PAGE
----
Nowadays, admittedly, there aren't many priests around making instructive homilies and building people in the faith. But the nature of Truth is still such that no progressive priest can spread only half of it without devout and thinking Catholics realising the other half is unmitigated rubbish. The Internet gives access to a wonderful, endless list of orthodox priests and lay bloggers, whose truth will immediately resonate with the reader because it is not their individual truth, but the same Truth of our grand-grandmothers. The Internet and the now spread literacy will also give cheap access to a virtually unlimited quantity of Catholic treasures of the past, such that in former ages such a knowledge would have been accessible only to the most educated and, if laymen, to those from rather wealthy families.
We have, therefore, less good priests than our forefathers had, but more instruments at our disposal to discern with reasonable security whether, say, the CDF is making a mistake or not. We are also, as good Catholics, aware that worldly pressure and political thinking may corrupt every organisation made by humans, and that – particularly in these disgraceful times – this can very easily be the case for the CDF. We do not entrusts these mere humans with something that is simply not within their remit. Particularly if we know who their earthly boss is.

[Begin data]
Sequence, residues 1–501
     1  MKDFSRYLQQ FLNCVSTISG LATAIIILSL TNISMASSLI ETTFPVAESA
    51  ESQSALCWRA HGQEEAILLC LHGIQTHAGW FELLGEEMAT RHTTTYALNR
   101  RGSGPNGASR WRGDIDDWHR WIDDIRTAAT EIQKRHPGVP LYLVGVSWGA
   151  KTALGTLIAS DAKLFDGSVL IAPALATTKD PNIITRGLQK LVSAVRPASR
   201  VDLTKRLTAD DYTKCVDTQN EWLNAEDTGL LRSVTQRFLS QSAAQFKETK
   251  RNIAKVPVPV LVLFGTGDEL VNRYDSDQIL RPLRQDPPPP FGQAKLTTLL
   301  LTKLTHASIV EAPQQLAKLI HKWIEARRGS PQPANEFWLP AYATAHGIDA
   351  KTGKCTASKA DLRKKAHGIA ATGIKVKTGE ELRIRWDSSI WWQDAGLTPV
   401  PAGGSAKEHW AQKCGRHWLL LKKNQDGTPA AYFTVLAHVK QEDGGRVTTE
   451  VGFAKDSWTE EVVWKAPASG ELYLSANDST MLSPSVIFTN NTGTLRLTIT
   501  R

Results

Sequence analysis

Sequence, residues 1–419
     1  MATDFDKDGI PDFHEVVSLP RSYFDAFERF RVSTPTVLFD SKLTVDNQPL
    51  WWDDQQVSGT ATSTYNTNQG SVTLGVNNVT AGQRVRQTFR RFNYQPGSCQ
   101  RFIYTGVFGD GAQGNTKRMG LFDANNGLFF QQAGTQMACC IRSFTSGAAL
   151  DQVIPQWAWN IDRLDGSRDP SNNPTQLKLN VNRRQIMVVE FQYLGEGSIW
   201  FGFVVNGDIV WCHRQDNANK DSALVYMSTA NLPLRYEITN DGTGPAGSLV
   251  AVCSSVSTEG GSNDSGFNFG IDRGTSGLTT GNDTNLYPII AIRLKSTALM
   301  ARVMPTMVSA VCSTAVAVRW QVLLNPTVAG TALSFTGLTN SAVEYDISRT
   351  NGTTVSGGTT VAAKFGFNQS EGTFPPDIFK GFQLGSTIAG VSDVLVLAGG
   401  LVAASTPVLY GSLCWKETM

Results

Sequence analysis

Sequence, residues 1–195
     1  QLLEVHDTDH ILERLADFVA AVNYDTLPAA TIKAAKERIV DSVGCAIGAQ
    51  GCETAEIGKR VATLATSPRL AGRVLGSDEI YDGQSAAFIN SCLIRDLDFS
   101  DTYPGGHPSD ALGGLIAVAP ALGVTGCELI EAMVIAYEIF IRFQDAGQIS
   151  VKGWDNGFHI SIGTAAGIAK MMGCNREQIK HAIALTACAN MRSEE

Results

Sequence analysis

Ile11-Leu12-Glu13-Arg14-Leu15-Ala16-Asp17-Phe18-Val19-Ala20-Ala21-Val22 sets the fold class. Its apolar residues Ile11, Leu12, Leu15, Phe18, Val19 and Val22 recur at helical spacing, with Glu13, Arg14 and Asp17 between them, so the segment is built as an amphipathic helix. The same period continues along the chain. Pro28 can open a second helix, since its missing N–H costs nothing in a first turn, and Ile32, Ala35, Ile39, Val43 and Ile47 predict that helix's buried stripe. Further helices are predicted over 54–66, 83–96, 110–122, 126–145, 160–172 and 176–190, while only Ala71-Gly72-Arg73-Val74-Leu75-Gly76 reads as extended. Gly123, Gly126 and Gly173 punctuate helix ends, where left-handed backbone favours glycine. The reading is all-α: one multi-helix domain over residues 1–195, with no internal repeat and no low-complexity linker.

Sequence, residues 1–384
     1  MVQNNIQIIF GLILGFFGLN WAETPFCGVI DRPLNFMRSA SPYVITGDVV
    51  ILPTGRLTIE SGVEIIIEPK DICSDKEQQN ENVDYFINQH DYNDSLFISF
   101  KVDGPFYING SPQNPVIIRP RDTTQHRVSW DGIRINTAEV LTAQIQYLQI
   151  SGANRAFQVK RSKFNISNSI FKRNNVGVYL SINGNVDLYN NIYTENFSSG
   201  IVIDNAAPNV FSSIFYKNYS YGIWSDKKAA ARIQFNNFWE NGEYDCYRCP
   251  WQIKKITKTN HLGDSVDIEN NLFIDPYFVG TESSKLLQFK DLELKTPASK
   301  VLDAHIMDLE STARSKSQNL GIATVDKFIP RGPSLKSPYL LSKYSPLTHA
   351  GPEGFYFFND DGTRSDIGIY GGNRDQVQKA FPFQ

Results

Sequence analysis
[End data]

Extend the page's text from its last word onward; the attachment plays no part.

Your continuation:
The CDF have made many mistakes, and many more will they make. But we do not start the Creed saying “I believe in the CDF, the Watchdog Almighty”. Truth rests with God. He gives us ways to avoid serious errors, and demands from us that we, according to our lights, instruct ourselves so that these errors will have it very difficult to enter our minds. He sends us people, situations, circumstances, and various graces allowing us to see when Truth is being betrayed.
We do not need to get excited and start to doubt because, say, a head of the CDF expresses himself in favour of communion for adulterers – which the next one will probably do – or subtly doubts the physical Resurrection of our Lord and the physical Perpetual Virginity of Our Lady – which the present one already does -. We know Truth is Truth. We measure those in charge of the CDF according to their adherence to Truth, not the other way round.
Fidelity to the Deposit of Faith is the first and foremost. Our Catholicism literally hinges on it. All the rest, from the Pope to the CDF, from Cardinals to Catechisms, is seen and judged – yes, judged – according to how smoothly it revolves around the hinge.
This is how our forefathers thoughts, and this is how we do it now.
St Paul wouldn't have moved one inch if an angel had come down from heaven and had started to proclaim some novel idea; it is not clear to me why a modern Catholic should plunge in a major crisis because of Cardinal Müller, or any of his successors.
We truly must start to think of these things – to think in terms of hinge – more often, because we will be forced to recur to this thinking more and more frequently in future.
Let us strenghtem our faith and our allegiance to the immortal Truths of the Church now, because we may have need for them before long.